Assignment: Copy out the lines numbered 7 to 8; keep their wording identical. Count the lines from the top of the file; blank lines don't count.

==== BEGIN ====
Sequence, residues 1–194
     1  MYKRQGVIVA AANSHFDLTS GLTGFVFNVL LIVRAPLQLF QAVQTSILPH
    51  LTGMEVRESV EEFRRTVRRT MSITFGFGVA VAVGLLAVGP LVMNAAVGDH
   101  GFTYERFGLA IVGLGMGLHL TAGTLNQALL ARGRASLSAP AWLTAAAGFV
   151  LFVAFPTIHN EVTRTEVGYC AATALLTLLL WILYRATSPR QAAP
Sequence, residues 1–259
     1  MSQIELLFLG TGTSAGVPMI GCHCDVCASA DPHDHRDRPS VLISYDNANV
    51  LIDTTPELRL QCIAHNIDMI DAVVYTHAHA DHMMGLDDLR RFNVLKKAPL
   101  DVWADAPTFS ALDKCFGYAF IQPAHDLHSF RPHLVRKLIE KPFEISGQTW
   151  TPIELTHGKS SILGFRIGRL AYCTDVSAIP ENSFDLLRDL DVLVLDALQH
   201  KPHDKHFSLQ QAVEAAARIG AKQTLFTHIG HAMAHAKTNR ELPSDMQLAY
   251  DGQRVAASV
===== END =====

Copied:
     1  MSQIELLFLG TGTSAGVPMI GCHCDVCASA DPHDHRDRPS VLISYDNANV
    51  LIDTTPELRL QCIAHNIDMI DAVVYTHAHA DHMMGLDDLR RFNVLKKAPL